Douglas Young was born in Fife in 1913 and died in the USA in 1973. His father worked in India and he spent his early years there before becoming a boarder at Merchiston Castle School in Edinburgh. He went on to study Classics at St Andrews University, which he chose, in preference to the Oxbridge route urged on him by his schoolmasters, out of “a sort of Nationalist instinct". That “instinct” became for him a lifelong dedication as a cultural-political activist of left-wing sympathies to the cause of Scottish independence. As well as standing as a parliamentary candidate for the Scottish National Party, he served as Chairman of the party for a period. He also closely aligned himself with the Scottish Renaissance literary movement initiated by Hugh MacDiarmid in the 1920s, and followed MacDiarmid in his vigorous advocacy of the Scots language. He became one of the most prominent writers associated with the second wave of the Scottish Renaissance that emerged in the late 1930s and 1940s, to which he made significant contributions as a polemicist, poet, critic and translator; indeed, a profile of him in The Scots Review in 1947 stated: “Still in his early thirties Young is the acknowledged pillar of the Renaissance.” After St Andrews University, Young continued his studies at Oxford University, then took up a Classics post at Aberdeen University in 1938. During World War II he refused conscription out of nationalist principle and served two terms of imprisonment. While he was in Barlinnie Prison, his first collection of Scots poems and verse translations from a variety of languages, Auntran Blads, 1943, was seen through the press by friends; his second, ABraird oThristles, followed in 1947. The publicity attracted by his two trials and prison sentences caused him employment difficulties but he eventually secured a post at St Andrews University, where he remained from the late 1940s until 1968 when he took up a Classics chair, first in Canada and then in the USA. In a memorial volume published after his death, one tribute concluded: “He was a polymath […] with a fantastically well-stored mind, enriched by the widest reading, constant travel, and contacts with people of all lands and of all conditions.”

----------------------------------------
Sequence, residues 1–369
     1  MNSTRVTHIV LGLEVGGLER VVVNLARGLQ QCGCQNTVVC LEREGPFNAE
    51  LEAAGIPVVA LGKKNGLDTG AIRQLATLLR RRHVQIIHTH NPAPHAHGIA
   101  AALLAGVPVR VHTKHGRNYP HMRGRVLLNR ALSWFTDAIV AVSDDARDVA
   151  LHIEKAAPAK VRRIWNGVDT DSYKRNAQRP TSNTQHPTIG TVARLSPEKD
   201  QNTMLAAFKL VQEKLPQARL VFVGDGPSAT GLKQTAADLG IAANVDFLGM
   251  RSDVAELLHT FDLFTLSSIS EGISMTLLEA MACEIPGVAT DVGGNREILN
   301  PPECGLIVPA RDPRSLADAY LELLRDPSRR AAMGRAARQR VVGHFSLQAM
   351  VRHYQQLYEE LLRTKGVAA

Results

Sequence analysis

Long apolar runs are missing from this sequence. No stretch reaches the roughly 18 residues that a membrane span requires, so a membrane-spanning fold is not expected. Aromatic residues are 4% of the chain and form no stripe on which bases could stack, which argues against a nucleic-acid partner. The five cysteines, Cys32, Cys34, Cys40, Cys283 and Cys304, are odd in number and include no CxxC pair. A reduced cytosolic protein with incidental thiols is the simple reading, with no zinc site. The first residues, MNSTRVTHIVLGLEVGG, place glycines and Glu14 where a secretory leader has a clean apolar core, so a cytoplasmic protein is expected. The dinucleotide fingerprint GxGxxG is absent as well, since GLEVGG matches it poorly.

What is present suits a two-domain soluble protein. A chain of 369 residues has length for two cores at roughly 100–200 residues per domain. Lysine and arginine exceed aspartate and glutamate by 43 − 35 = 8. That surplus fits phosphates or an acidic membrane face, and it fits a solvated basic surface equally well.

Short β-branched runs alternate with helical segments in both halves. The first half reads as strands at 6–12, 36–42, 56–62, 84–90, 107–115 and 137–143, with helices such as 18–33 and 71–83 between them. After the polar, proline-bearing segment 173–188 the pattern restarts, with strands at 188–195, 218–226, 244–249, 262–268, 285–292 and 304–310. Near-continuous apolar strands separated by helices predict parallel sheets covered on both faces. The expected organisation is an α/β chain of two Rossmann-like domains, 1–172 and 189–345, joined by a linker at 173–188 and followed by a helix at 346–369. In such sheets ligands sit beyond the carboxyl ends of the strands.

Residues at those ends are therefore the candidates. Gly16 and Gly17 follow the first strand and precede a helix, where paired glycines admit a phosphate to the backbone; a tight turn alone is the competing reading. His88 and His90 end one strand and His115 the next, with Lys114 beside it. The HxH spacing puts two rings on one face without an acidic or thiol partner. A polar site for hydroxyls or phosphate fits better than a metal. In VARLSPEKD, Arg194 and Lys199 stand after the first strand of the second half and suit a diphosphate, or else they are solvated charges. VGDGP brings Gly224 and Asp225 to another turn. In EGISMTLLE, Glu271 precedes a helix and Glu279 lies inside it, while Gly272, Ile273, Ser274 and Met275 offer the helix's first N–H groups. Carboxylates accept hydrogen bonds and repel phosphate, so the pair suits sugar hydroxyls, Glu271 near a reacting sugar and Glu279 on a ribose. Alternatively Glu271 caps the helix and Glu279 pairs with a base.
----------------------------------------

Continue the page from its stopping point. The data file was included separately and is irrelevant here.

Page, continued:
TC said...


"... isn't κῶμα a touch more than "sleep"? Something closer to "insensibility", though that's too much (and too Latinate)..."

Well, yes, κῶμα would obviously be a pretty deep form of sleep. But as you say "insensibility", not quite right. (Sounds more like Propertius than Sappho.)

"Lethargy" or "stupor" -- no, no, a bit too much like the warnings on over-the-counter sleepaids.

(Catullus as per request now loiters in the Green Room by the way.)

Anonymous said...
This comment has been removed by the author.
TC said...

That's lovely, Colin.

As to the visit of your mother's second husband, the accent problem should not be a worry. To my ear, Scots always sounds quite a bit more intelligible than Down East, in any case. Not to speak of Uppercrustian Hahvud.

I was in Ann Arbor when JF Kennedy came through, campaigning for the Big Position. He stood on the steps of the Student Union and appealed for the support of the Masses of the Hinterland, with a prepared compliment I'm sure he thought certain to win hearts and minds -- calling Ann Arbor "the Hahvud of the West".

Nobody could figure out what he was saying.

Anonymous said...

"sleep sifts through the leaves"

say no more!

Thanks, Tom!